Tomas Kaberle has been a Toronto Maple Leaf for life, but over the past two seasons the likelihood of that remaining the case has been shrouded in doubt.
Defenseman have come and gone for the Leafs in Kaberle’s time here. In fact, Kaberle has seen 59 different defenseman pull on the Maple Leaf in his 11 seasons in Toronto.
Now, many feel it’s Kaberle’s time to go the way of many of those 59 others.
Side note: From my calculations, 48 of those defenseman have left the organization. If you were to split those numbers up into top-six rotations, that’s eight different looks.
Splitting it into top-seven rotations, it’s just under seven (6.8).
Alphabet-wise? You can find every single letter in the list of defensemen Kaberle has played with aside from one: "Q."
These are the things I think you should know.
The rumblings started a few seasons ago, when it was widely acknowledged that the Leafs needed to alleviate themselves of a handful of crippling no-trade/no-movement clauses.
All the while, Kaberle survived.
He’s seen Darcy Tucker, Mats Sundin, Bryan McCabe, and Pavel Kubina (to name a few) all run out of town for one reason or another, but Kaberle has stood firm, unwavering in his desire to be a Maple Leaf.
Now, with the recent acquisition of Dion Phaneuf, the Leafs have spent a good chunk of next year’s cap on defense. They’ve got five defensemen making salaries over $3.5 million, along with Luke Schenn’s rookie contract expiring following the 2010-11 season.
Common thought states that something’s got to give, and many feel that something is Kaberle.
That train of thought is logical: Kaberle is probably the most affordable defenseman for his talent in the league at $4.25 million a season, he’s a 45+ point defender on pace for his second-best season on a team that lacks talent, and at 31 he’s still got plenty of hockey left in him, especially for a playoff team.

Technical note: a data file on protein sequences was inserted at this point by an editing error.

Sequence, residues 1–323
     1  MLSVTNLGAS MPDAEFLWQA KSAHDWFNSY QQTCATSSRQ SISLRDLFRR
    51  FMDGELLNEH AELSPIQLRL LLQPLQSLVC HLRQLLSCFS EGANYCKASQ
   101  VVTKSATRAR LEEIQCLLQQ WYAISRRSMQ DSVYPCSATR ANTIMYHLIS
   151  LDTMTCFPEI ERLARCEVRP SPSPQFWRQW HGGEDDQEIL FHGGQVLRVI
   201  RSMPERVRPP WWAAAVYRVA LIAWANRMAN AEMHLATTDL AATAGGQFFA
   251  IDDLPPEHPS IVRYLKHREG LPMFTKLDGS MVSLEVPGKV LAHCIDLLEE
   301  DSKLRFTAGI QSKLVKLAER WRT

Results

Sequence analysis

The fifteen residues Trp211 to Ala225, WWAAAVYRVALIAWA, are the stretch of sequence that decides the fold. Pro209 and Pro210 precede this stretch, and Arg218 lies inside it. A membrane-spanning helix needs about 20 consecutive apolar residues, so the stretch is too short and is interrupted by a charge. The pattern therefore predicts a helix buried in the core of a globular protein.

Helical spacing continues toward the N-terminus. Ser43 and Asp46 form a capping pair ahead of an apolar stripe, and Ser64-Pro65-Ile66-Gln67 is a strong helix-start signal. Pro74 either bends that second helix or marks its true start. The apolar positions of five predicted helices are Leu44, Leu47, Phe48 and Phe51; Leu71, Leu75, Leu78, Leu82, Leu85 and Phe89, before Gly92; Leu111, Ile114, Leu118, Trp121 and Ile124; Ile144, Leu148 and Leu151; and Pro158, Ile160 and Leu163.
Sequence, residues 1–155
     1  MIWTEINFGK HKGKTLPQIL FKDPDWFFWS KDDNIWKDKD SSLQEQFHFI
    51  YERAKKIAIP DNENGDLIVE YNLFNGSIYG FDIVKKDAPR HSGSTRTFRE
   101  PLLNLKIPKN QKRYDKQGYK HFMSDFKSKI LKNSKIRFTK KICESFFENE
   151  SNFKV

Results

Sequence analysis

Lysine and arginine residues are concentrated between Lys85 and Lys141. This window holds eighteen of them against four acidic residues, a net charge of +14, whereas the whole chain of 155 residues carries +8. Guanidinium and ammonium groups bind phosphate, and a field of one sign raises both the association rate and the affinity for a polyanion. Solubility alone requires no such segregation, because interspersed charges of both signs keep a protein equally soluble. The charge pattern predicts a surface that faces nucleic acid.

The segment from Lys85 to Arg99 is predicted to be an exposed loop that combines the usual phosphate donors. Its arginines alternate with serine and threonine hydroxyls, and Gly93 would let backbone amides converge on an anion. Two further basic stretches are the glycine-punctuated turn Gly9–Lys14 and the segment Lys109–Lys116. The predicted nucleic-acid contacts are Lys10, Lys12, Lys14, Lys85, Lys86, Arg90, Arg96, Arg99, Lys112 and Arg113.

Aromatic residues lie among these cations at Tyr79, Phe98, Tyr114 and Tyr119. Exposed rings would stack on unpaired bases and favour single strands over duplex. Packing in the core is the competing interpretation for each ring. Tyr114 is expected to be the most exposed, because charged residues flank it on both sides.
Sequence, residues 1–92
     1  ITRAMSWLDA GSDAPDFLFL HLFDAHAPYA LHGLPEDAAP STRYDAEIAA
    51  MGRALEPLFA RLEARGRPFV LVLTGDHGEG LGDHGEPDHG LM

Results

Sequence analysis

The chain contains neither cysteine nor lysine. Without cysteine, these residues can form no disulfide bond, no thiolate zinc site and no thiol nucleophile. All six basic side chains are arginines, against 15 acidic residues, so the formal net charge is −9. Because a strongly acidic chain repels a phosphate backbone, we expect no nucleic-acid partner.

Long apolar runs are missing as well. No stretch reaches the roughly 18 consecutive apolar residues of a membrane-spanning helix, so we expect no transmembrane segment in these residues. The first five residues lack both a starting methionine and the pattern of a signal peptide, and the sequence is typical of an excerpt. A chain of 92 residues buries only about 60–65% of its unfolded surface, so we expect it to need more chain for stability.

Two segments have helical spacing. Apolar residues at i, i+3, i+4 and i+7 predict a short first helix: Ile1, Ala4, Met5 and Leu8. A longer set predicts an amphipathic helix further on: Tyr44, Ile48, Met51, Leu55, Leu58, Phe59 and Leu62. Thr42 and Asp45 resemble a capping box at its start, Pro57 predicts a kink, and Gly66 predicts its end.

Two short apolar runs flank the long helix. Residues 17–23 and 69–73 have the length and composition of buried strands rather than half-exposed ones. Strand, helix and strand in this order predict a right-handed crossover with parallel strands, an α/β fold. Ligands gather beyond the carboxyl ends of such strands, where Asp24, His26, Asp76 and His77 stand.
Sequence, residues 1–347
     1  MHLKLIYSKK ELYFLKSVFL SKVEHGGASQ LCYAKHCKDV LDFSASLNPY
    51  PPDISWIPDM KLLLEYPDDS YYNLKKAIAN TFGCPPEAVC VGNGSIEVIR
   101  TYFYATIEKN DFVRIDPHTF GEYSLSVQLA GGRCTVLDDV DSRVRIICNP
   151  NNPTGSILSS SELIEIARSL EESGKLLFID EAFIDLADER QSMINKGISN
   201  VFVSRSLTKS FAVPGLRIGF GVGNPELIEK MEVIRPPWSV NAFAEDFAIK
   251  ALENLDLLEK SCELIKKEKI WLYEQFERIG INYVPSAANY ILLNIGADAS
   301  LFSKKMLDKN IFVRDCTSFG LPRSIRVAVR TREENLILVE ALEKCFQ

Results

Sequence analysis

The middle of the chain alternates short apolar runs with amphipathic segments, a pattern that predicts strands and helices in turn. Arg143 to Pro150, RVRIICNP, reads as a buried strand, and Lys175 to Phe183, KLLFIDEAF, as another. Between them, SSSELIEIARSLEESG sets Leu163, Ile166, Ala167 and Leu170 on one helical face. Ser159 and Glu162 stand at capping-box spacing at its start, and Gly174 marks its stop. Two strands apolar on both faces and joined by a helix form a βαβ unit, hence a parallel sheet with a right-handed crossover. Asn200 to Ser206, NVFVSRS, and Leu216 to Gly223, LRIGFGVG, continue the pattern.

All of those things mean that a rebuilding team can afford to move Kaberle. You’d be guaranteed to get at least one draft pick—a first rounder—in return (a big bonus for a team that lacks a first round pick over the next two seasons), a good roster player, and one or two quality prospects depending on how much you get from the first two categories.
But there are reasons to not move Kaberle. Reasons that people seem to forget as they hope for a complete re-shape of the Toronto Maple Leafs.
Remember, that on a roster that lacks a true puck-mover, Tomas Kaberle is exactly that.
While he led defenseman in scoring and assists for a majority of the season (a title which has since been captured by Washington’s Mike Green), Kaberle is one of just three defenders with 40+ assists at this point in the year, and could be one of just a few with 55+.
Last year, no defenseman in the NHL had over 55 assists.
In fact, since the lockout, only three defensemen have done so: Nik Lidstrom twice (2005/06 and 2007/08), Sergei Zubov (Dallas-2005/06), and Kaberle (2005/06).
Now, with the acquisition of Dion Phaneuf’s powerful shot, Luke Schenn using his more effectively, and Francois Beauchemin ready to establish a new career-high in shots (he’s got 139 right now, with 144 being his career-high from 2007/08), there has to be someone to get them the puck.
Ian White was traded for Phaneuf, leaving no one to really fill that role other than a handful of guys who still need to cut their North American chops.
Another reason the Leafs shouldn’t move Kaberle? Familiarity.
Tell me who on this blueline knows Toronto as a market, as a team, or as a history.
Mike Komisarek played here as a Montreal Canadien, Jeff Finger and Luke Schenn have had just two seasons on Air Canada Centre ice, and Carl Gunnarsson has spent 34 games between the AHL and NHL in Toronto.
In fact, there’s no one on the roster that understands what it means to be a Maple Leaf. They appreciate it and they’re experiencing it, but—much like captaining any NHL team—you need a level of familiarity with the team to truly understand it.
If the Leafs are fast-tracking this rebuilding process (which they could realistically do if they were to re-tool the forward ranks in the offseason), and look to make noise as a lower-seeded team in the playoffs in future seasons, Kaberle has to be here.
Forget a list of teams he’s willing to be traded to, because he’s already said he won’t (or doesn’t want to) give in. Forget about dealing him once the no-movement clause expires, because the team needs him.
In fact, if he’s willing to stay here for below market value (like he was when he signed his current contract), then re-sign him. Keep him here. And you could go as far as to offer him the captaincy as further incentive to stay.
Kaberle wants to stay here. If he isn’t changing his mind on that, stop forcing him out. Let him over-see the rebuild and help along the young defenders and new players.
While not as aesthetically pleasing to the fans, he could be just as valuable to the franchise as any returns he’s worth through trade.
Bryan Thiel is a Senior Writer and NHL Community Leader for Bleacher Report. Follow him on Twitter at http://twitter.com/BT_88 or check out his profile. Need more? See his archives or hockey54.com—The Face of the Game!